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Little League was new to Grandville, Mich. the year we moved there from our farm, but Grandville boys soon began playing their way into the top echelons of the greater Grand Rapids Little League. Within three years, in fact, we were playing for the district championship.
I say "we" because by then, as a four-eyed 14-year-old with a stack of baseball magazines and a zeal for presiding over others' jumping jacks, I was an assistant coach. I was also a friend of our town's principal Little League organizer, a college boy with a shared desire to succeed in athletics beyond his body's capabilities. For the district championship game, he named himself manager and me third base coach.
The opposing team came from somewhere in the city; such details didn't concern me as I had other things on my mind, like trying to memorize the manager's complicated signals. I was also worried that my kid brother, Jim, would embarrass me. Jim played rightfield for Grandville and batted ninth, glaring testimony to an ineptitude that the few close followers of Grandville Little League believed to be genetic.
Despite my misgivings, the game went well. Jim struck out three times, but his teammates were accustomed to that, and by the end of six innings the score was tied. A quick conference called by the umpire before the seventh began resulted in the decision that, because of dusk and gathering mist, each side would receive one more turn at bat, and that would be the game. Our opponents went down feebly in the top of the inning. Now we had a chance to break the tie.
Even at that age, I understood that baseball was a special kind of sport because it offered so many possibilities, and they often arranged themselves in a way that made for high drama. I was not surprised, therefore, when we had the bases loaded with two out and a Grandville hitter at the plate with an opportunity to become celebrated. But what distinguished this scene from those of my imagination was that the hitter was not me. It was my brother.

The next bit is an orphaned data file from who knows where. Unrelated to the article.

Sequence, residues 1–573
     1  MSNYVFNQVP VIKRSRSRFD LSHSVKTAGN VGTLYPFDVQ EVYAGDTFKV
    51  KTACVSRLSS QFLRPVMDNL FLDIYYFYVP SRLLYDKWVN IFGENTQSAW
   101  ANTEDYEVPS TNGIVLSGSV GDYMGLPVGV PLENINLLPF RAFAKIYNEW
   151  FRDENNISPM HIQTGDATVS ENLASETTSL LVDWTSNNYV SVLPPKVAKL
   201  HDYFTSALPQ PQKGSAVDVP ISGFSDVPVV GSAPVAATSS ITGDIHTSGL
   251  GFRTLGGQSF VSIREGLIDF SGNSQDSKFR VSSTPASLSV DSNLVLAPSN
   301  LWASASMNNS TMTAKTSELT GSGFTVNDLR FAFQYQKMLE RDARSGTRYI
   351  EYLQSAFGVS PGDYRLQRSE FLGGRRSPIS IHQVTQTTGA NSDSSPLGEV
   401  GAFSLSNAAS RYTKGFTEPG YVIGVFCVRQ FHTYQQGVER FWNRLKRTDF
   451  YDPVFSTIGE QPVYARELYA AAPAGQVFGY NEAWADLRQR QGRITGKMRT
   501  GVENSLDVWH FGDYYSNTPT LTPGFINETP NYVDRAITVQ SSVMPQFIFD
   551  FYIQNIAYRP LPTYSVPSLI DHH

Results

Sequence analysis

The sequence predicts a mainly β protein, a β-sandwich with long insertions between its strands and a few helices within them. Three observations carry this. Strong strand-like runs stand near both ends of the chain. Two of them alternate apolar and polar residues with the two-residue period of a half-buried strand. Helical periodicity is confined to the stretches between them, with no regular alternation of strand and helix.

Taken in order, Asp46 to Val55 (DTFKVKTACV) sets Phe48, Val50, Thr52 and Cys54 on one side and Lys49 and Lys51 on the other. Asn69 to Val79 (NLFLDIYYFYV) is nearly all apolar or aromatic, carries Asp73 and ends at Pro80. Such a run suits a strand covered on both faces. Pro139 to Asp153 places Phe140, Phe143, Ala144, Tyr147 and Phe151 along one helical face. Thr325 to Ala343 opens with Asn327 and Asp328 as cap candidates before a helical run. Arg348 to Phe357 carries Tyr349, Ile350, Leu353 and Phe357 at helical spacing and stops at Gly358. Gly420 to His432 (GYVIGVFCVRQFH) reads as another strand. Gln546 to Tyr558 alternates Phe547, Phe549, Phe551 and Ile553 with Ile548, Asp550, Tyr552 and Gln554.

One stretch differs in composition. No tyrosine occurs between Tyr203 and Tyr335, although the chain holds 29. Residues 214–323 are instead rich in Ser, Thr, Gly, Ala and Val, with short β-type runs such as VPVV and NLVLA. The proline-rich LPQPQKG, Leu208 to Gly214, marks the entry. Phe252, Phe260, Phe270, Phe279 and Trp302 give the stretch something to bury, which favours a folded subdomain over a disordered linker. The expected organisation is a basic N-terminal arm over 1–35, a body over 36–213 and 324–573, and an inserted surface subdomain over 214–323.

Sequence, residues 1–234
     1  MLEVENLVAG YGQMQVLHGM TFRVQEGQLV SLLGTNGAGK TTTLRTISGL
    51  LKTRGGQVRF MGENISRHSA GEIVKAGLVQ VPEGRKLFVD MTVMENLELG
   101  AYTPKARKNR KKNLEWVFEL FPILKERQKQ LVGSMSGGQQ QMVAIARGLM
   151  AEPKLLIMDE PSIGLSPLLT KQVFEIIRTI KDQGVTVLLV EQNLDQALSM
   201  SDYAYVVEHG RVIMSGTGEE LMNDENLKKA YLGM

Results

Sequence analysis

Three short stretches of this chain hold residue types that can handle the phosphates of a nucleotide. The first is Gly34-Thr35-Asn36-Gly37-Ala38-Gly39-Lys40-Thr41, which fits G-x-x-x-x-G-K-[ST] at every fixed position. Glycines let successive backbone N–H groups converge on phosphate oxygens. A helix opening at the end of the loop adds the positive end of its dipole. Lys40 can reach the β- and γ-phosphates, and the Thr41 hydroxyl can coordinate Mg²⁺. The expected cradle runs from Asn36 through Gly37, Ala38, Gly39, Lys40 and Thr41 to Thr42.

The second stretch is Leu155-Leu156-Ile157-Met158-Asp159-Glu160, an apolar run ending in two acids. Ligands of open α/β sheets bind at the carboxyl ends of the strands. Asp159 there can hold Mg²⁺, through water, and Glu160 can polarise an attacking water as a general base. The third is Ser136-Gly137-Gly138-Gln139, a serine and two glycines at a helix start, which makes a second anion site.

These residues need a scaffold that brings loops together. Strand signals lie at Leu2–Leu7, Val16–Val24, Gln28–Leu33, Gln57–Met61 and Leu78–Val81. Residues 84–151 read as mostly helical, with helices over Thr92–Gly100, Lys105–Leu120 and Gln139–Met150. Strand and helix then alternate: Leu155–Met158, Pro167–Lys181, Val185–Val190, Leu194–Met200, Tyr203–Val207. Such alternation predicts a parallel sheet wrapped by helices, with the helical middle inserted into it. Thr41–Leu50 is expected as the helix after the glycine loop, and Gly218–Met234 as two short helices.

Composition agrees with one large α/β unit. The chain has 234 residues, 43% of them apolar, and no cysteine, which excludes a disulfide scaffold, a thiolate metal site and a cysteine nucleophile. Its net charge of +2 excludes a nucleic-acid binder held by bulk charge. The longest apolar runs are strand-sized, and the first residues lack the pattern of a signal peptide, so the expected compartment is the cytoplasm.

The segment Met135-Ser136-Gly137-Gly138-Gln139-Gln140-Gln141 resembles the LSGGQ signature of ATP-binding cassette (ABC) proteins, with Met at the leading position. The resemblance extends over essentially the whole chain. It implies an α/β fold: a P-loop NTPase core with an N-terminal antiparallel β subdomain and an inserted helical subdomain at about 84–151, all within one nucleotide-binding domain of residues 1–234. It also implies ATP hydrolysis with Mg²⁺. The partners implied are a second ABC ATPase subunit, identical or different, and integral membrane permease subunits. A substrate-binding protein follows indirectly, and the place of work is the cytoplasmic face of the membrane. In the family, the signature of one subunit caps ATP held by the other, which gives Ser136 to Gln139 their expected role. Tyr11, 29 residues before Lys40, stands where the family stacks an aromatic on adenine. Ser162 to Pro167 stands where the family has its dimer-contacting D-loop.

Jim has a fair complexion. Standing at the plate that evening with the mist above his head, he looked paler than ever. He gripped the bat fiercely, giving heart to Grandville's few fans in the third base bleachers. Only I, his blood relation, sensed his awful fate.
He swung mightily at the first pitch, a good cut but late, his bat whizzing past the catcher's glove at about the same time the ball arrived there.
Past the catcher's glove!
For 6? innings, I had been transfixed by the opponent's catcher. He was a small boy, even by Little League standards. The chin guard of his mask hung down at throat level. But what attracted my attention was his fearlessness. Never before had I seen a catcher squat so close to batters with such insouciance.
Suddenly, my fascination gave way to an idea. I waved for a time-out and ran to my brother. Pulling him up the baseline, I hissed into his ear, "When you swing at the next pitch, don't step forward with your front foot. Step backward with your back foot!"